Laube N.,Deutsches Harnsteinzentrum |
Klein F.,FH Aachen |
Bernsmann F.,NTTF Coatings GmbH
Urolithiasis | Year: 2016
It is routinely observed that persons with increased urinary stone risk factors do not necessarily form uroliths. Furthermore, stone formers can present with urinalyses that do not reflect the clinical picture. We explain this discrepancy by differences in crystallization kinetics. In 1162 urines, crystallization of Ca-oxalate was induced according to the BONN-Risk-Index (BRI) method. The urine’s relative light transmissivity (RLT) was recorded from 100 % at start of titration to 95 % due to nuclei formation and crystal growth. From the RLT changes, a measure of the thermodynamic inhibition threshold of crystal formation (BRI) and of crystal growth kinetics is derived (“turbidity slope” after crystallization onset). On average, subjects presenting with a low inhibition threshold, i.e., high BRI, also present significantly higher crystal growth rates compared with subjects in lower BRI classes. Only subjects in the highest BRI class show a lower growth rate than expected, probably due to a depletion of supersaturation by massive initial nucleation. With increasing thermodynamic risk of crystal formation (i.e., increasing BRI) due to an imbalance between inhibitors and promoters of crystal formation, an increase in the imbalance between inhibitors and promoters of crystal growth (i.e., increasing growth rate) is observed. Both lead to an increased urolith formation risk. Healthy subjects with increased BRI are an exception to this trend: their urine is thermodynamically prone to form stones, but they show a kinetic inhibition preventing nuclei from significant growth. © 2016 Springer-Verlag Berlin Heidelberg
Bernsmann F.,NTTF Coatings GmbH |
Laube N.,NTTF Coatings GmbH |
Baldsiefen G.,University of Kaiserslautern |
Castellucci M.,University of Trieste
Journal of Physics: Conference Series | Year: 2014
Inflammations and crystalline bacterial biofilms (encrustations) remain a major complication in long-term artificial urinary tract drainage. To solve this problem we present urological implants with coatings made of amorphous hydrogenated carbon (a-C:H) that show excellent protection from encrustation in-vitro as well as in-vivo. Part of the success of a-C:H coatings is attributed to their ability to act as a diffusion barrier between an implant and the body, which prevents leaching of solvents from polymeric implants. To further enhance their barrier properties a-C:H coatings are combined with parylene coatings to develop diffusion-barrier multilayer coatings with a total thickness between 0.2 μm and 0.8 μm. The combination of the two types of coatings leads to a reduction of water diffusion by a factor of up to ten with respect to uncoated 25 μm thick polyimide sub-strates. The diffusion of water vapour from a controlled atmospheric pressure chamber through coated foils to a vacuum chamber is measured in a custom-built device. © Published under licence by IOP Publishing Ltd.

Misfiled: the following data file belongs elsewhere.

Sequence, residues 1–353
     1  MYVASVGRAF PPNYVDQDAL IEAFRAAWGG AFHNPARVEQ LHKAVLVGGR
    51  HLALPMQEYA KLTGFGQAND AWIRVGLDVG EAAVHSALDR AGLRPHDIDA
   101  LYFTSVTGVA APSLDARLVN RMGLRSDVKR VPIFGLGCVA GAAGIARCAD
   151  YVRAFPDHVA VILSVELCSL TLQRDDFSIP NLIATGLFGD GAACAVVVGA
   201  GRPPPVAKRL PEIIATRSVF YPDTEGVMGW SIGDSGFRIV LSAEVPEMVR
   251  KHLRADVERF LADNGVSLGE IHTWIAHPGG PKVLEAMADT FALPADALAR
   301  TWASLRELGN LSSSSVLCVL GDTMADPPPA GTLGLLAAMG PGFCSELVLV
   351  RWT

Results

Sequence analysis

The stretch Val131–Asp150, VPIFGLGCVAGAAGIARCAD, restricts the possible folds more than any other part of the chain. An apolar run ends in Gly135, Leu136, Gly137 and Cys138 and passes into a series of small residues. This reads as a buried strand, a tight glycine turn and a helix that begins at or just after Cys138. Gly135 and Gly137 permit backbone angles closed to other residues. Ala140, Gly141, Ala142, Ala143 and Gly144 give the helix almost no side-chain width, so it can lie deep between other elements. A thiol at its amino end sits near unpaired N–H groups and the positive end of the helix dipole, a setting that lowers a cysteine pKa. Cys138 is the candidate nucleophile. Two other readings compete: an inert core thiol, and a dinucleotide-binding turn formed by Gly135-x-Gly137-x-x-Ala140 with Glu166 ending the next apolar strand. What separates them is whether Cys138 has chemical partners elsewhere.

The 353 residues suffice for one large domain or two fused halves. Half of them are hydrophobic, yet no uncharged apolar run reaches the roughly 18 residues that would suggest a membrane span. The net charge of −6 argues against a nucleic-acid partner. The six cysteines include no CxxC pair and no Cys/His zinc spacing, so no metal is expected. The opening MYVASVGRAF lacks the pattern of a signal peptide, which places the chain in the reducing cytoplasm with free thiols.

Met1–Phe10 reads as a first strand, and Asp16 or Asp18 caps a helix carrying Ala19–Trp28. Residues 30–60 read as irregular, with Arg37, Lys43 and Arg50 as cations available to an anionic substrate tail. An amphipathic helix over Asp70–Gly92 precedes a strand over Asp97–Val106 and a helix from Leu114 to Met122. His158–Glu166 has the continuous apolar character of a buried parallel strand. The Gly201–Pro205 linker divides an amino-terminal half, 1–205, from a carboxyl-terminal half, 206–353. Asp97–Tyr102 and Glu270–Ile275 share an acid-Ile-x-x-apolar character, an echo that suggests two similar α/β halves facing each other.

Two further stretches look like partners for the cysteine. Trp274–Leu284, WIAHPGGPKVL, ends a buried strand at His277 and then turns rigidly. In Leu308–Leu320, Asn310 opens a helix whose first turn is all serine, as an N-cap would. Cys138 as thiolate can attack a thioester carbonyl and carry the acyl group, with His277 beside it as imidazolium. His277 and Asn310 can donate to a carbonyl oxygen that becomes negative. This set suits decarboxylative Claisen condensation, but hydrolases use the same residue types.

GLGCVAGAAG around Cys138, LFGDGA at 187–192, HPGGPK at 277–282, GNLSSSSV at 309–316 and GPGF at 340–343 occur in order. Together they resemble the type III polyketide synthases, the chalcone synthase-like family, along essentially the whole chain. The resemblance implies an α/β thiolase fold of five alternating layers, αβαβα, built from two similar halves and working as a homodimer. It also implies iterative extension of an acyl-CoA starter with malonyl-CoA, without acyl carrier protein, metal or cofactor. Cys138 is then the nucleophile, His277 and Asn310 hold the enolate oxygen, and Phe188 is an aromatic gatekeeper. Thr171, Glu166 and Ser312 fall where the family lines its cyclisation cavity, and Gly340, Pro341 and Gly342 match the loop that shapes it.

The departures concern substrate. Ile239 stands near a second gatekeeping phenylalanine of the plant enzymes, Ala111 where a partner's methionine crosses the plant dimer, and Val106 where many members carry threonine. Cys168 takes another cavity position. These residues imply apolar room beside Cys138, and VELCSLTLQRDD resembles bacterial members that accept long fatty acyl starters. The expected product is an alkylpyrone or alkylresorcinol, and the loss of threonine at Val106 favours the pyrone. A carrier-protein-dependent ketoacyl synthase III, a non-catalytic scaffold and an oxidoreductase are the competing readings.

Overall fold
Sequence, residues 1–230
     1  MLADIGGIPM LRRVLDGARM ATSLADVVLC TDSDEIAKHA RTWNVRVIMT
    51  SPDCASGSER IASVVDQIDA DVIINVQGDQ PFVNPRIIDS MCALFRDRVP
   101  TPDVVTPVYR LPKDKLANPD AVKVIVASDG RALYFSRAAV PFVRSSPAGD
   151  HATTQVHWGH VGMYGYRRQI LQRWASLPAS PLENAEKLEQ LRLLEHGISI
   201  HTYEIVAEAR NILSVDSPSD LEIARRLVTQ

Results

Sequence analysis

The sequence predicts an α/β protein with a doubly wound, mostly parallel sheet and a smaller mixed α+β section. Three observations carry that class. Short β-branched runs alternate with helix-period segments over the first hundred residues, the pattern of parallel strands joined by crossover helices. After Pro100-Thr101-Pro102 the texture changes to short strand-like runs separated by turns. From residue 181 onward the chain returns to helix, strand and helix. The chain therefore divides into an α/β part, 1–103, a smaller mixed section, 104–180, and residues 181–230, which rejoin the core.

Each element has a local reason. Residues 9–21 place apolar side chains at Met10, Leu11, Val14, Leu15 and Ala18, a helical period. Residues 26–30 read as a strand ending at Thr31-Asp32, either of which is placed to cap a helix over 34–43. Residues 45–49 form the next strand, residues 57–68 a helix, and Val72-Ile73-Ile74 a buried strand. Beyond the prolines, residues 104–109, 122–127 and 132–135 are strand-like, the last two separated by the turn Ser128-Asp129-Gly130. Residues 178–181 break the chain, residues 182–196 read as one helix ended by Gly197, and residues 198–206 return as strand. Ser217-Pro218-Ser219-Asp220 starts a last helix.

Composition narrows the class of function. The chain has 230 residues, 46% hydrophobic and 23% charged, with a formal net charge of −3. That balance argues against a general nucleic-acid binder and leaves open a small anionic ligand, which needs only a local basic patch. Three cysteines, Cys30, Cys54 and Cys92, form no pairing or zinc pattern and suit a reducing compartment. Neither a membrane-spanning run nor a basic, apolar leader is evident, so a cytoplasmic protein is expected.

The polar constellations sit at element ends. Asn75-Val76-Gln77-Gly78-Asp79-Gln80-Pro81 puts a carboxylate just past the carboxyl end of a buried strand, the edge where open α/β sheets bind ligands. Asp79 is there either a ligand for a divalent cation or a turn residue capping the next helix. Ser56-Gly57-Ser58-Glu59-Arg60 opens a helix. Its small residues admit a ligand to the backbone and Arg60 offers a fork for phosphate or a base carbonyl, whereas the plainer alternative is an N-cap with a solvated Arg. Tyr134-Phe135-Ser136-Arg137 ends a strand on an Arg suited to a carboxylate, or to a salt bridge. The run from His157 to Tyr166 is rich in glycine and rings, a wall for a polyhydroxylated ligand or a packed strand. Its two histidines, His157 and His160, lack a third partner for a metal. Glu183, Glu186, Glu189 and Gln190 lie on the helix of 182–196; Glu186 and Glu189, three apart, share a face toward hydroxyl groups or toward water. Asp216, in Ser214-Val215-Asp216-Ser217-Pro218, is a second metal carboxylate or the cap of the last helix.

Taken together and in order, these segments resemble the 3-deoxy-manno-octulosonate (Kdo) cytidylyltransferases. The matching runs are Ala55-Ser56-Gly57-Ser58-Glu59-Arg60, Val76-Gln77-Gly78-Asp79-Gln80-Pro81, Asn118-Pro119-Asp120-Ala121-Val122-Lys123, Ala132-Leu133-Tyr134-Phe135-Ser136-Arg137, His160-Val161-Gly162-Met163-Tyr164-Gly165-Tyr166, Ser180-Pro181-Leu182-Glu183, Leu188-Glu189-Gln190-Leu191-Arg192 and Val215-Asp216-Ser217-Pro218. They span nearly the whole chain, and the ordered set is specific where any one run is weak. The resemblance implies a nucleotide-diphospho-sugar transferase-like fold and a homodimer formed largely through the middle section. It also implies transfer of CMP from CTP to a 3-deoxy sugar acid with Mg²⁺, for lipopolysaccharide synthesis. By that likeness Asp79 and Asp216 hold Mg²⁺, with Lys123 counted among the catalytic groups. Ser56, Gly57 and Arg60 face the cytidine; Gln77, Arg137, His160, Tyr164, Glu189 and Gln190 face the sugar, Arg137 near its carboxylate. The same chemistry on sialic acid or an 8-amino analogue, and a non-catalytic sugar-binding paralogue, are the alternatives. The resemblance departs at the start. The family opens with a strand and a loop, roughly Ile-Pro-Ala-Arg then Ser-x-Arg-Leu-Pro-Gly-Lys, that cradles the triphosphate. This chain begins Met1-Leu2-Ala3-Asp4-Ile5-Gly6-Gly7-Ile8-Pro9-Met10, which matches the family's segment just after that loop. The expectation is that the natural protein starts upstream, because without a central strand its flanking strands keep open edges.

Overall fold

Daylight photocatalytically active coatings for hospital equipment and medical products for improved hygienic safety [Bei Tageslicht photokatalytisch aktive Beschichtungen für Klinikausstattungen und Medizinprodukte zur Erhöhung der Hygienesicherheit]
Laube N.,Deutsches Harnsteinzentrum |
Bernsmann F.,NTTF Coatings GmbH
Hygiene + Medizin | Year: 2012
Background: Crystalline titanium dioxide shows photocatalysis when exposed to ultraviolet (UV) light. The radical species produced by photocatalysis decompose chemical bonds of adsorbed organic matter. Cellular membranes of all kinds of microorganisms and spores are attacked and inactivated; this holds also true for antibioticresistant bacterial strains. Method: This report introduces the plasmadeposited titanium dioxide coating "TiX" of only a few hundreds of nanometres thickness, which can be conformally deposited on arbitrary substrates to give them the abovementioned photoinduced properties. Results: It is shown that the small UV fraction of daylight is already sufficient to photocatalytically decompose microorganisms (test species: Kocuria rhizophila). TiX coatings are very hydrophilic even without photoactivation. Their hydrophilic character, which can be further enhanced by light exposure, facilitates cleaning, because water can undermine pollutants to remove them. Conclusion: Due to their properties, TiX coatings can increase the general hygienic status by decreasing the risk of infection as a reliable and durable add-on to surfaces presenting hygienic risks.
Alami J.,INI coatings LTD |
Alami J.,CAS Shanghai Institute of Ceramics |
Maric Z.,INI coatings LTD |
Busch H.,NTTF coatings GmbH |
And 3 more authors.
Surface and Coatings Technology | Year: 2014
High power pulsed magnetron sputtering (HIPIMS) is a technical description of a coating approach that utilizes enhanced ionized sputtering. HIPIMS pulsing can be performed in a large number of ways resulting in widely different plasma conditions, causing inconsistency and lack of repeatability of results. The present paper discusses this issue and suggests two important parameters that, once defined, could bring more consistency to the HIPIMS process, namely magnetic field strength and unbalance, and pulsing configuration. As illustrative examples, the effects of the pulsing and the magnetic field configurations on the growth and the properties of CrN coatings are presented. The methodology used to optimize the HIPIMS conditions is then implemented during the deposition of TiN for hard coating applications, which are then compared to state-of-the-arc arc evaporated TiN. It is shown that application-specific process-designed HIPIMS can result in superior coatings. The paper argues that the proper use of HIPIMS could only be when the sought results as well as the HIPIMS configuration are well defined. © 2013 Elsevier B.V.